Obesity triggers neurodegeneration by inducing brain insulin resistance
In a pivotal study conducted by Mroj Alassaf and colleagues at the Fred Hutchinson Cancer Research Center in the United States, a novel connection between obesity and the onset of neurodegenerative diseases, such as Alzheimer’s, has been uncovered.
The research, employing the biological model of the common fruit fly, indicates that diets high in sugar, which are commonly associated with obesity, lead to insulin resistance within the brain. This resistance hampers the brain’s capacity to eliminate cellular waste, which in turn elevates the risk of neurodegenerative conditions.
The findings, released on November 7 in the open-access publication PLOS Biology, promise to be influential in the development of medical interventions aimed at mitigating the chances of neurodegenerative disease onset.
While the correlation between obesity and neurodegenerative diseases like Alzheimer’s and Parkinson’s has been acknowledged in scientific circles, the causal mechanisms at play have eluded researchers until now.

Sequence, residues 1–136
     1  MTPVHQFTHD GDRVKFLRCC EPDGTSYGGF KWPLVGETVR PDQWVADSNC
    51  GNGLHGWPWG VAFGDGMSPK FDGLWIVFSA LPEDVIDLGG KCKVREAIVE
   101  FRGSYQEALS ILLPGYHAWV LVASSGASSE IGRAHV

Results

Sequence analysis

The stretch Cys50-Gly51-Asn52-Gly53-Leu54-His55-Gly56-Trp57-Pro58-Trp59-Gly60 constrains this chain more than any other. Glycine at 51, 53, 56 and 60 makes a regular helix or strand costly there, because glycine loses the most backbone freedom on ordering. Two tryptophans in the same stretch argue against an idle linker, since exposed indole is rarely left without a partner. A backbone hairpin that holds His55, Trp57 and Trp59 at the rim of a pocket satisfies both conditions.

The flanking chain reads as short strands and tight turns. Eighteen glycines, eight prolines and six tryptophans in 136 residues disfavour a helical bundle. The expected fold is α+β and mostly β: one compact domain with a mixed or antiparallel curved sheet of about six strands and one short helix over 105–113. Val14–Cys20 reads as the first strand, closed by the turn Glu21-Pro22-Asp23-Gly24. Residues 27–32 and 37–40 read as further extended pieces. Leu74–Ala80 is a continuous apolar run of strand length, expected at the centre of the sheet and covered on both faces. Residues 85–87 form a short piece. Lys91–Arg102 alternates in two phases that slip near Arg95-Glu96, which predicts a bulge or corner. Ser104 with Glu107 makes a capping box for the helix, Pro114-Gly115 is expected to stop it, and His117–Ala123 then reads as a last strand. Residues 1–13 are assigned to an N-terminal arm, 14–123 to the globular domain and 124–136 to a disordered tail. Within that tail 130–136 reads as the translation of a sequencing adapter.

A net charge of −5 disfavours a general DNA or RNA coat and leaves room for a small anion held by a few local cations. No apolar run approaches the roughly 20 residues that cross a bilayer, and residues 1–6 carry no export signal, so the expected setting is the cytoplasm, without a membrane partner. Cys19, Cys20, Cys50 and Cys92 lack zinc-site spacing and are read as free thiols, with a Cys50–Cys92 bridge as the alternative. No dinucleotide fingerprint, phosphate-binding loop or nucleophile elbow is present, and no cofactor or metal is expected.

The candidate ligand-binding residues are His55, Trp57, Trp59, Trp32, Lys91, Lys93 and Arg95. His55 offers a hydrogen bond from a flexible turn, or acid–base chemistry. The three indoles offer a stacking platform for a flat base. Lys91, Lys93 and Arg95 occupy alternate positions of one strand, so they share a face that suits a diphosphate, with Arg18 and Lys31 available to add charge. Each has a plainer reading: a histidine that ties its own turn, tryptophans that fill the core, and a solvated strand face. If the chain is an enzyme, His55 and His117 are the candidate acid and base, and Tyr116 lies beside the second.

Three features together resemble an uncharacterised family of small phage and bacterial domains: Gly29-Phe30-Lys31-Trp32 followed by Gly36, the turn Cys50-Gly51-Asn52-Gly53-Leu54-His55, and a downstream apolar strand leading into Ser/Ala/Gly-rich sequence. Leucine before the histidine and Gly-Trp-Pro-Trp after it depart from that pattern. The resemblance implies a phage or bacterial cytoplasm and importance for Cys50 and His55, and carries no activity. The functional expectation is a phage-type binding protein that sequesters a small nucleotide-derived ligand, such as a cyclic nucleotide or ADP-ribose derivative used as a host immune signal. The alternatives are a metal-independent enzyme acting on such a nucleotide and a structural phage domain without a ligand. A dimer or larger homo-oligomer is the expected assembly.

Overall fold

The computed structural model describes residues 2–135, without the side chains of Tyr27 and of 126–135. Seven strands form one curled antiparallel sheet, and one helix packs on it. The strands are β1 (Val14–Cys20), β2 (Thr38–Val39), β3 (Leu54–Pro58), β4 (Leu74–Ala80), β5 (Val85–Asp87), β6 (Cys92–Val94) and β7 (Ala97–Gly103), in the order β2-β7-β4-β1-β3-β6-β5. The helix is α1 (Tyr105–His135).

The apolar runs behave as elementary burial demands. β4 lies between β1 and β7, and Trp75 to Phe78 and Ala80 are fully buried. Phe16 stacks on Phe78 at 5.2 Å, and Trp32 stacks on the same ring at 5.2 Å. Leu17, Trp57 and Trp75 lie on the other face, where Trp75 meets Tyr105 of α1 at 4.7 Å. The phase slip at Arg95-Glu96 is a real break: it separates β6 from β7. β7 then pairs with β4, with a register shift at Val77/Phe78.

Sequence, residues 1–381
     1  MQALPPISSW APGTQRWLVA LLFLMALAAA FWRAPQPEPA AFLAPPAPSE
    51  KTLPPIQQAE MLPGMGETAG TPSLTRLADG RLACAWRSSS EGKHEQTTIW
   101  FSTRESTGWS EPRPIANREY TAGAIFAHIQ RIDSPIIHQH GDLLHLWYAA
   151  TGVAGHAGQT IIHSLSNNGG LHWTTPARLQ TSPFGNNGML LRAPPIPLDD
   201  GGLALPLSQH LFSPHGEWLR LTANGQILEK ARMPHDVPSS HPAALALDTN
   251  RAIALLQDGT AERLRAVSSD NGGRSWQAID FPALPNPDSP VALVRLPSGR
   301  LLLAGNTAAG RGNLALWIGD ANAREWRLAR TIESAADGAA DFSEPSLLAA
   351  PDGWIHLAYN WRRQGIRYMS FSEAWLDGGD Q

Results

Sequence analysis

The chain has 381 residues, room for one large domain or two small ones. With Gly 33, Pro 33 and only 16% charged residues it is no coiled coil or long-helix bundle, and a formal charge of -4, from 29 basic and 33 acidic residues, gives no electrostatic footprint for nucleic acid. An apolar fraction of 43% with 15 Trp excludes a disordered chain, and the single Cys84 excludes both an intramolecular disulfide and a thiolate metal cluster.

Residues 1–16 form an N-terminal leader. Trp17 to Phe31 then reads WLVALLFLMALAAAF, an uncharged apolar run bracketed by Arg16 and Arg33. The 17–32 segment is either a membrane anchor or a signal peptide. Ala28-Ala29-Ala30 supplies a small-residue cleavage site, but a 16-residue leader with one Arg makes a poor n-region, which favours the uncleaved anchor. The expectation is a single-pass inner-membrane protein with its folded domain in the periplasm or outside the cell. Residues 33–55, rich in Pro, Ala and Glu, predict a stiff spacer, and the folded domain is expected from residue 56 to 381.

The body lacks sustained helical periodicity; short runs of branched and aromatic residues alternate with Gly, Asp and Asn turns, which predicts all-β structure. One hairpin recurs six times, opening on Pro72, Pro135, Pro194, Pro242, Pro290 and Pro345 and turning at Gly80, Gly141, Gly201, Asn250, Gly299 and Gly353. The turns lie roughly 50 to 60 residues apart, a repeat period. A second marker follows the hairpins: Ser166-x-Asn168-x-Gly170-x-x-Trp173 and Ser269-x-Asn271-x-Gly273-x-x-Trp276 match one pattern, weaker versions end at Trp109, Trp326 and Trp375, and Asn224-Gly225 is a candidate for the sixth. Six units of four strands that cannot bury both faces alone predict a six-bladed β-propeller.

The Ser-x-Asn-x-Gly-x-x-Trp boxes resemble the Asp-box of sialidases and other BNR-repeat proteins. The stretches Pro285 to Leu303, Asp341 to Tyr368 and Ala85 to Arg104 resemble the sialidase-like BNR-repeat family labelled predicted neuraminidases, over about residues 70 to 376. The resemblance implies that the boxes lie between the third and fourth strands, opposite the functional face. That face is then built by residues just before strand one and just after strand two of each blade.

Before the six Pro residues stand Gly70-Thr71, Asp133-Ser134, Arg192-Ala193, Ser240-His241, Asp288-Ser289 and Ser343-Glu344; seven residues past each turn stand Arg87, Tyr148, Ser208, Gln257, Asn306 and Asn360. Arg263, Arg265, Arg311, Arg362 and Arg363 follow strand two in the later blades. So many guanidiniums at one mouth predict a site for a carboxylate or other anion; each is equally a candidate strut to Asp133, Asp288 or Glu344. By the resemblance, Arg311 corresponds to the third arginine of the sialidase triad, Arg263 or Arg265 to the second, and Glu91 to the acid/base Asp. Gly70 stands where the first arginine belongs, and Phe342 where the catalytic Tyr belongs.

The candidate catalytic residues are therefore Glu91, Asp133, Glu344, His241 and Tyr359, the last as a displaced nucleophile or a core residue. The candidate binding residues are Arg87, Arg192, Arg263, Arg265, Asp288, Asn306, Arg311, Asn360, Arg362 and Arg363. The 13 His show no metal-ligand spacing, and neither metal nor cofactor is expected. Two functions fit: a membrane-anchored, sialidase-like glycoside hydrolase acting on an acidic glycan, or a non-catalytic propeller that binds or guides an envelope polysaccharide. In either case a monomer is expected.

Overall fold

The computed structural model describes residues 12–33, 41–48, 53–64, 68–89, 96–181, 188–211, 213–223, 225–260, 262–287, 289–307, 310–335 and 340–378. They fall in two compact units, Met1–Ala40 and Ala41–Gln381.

The team’s research delved into this conundrum by leveraging the genetic and physiological parallels between fruit flies and humans. Building on prior knowledge that a diet rich in sugar instigates insulin resistance in the peripheral tissues of fruit flies, the focus now shifted to their neural tissues. The study zoomed in on glial cells, as abnormalities in microglia are recognised contributors to neuronal decay.
The study measured the protein PI3k—a biomarker for insulin sensitivity in cells. The high-sugar diet was found to diminish PI3k levels in glial cells, suggesting a state of insulin resistance. The team also examined the fruit fly’s version of microglia, known as ensheathing glia, responsible for clearing out neuronal waste, including deteriorating axons.
These glial cells exhibited depleted levels of Draper, a protein integral to their waste-removal function, indicating a compromised ability. Subsequent experiments demonstrated that artificially reducing PI3k levels not only caused insulin resistance but also led to decreased Draper levels in the ensheathing glia. Moreover, when the team inflicted damage on olfactory neurons, the ensheathing glia of sugar-fed flies failed to clear the resulting neuronal debris due to their unresponsive Draper levels.
The researchers conclude by stating that their work with fruit flies has established that high-sugar diets induce insulin resistance in glial cells, which disrupts their neuronal cleanup role. This study sheds light on the potential pathways through which diets leading to obesity may elevate the risk of neurodegenerative diseases.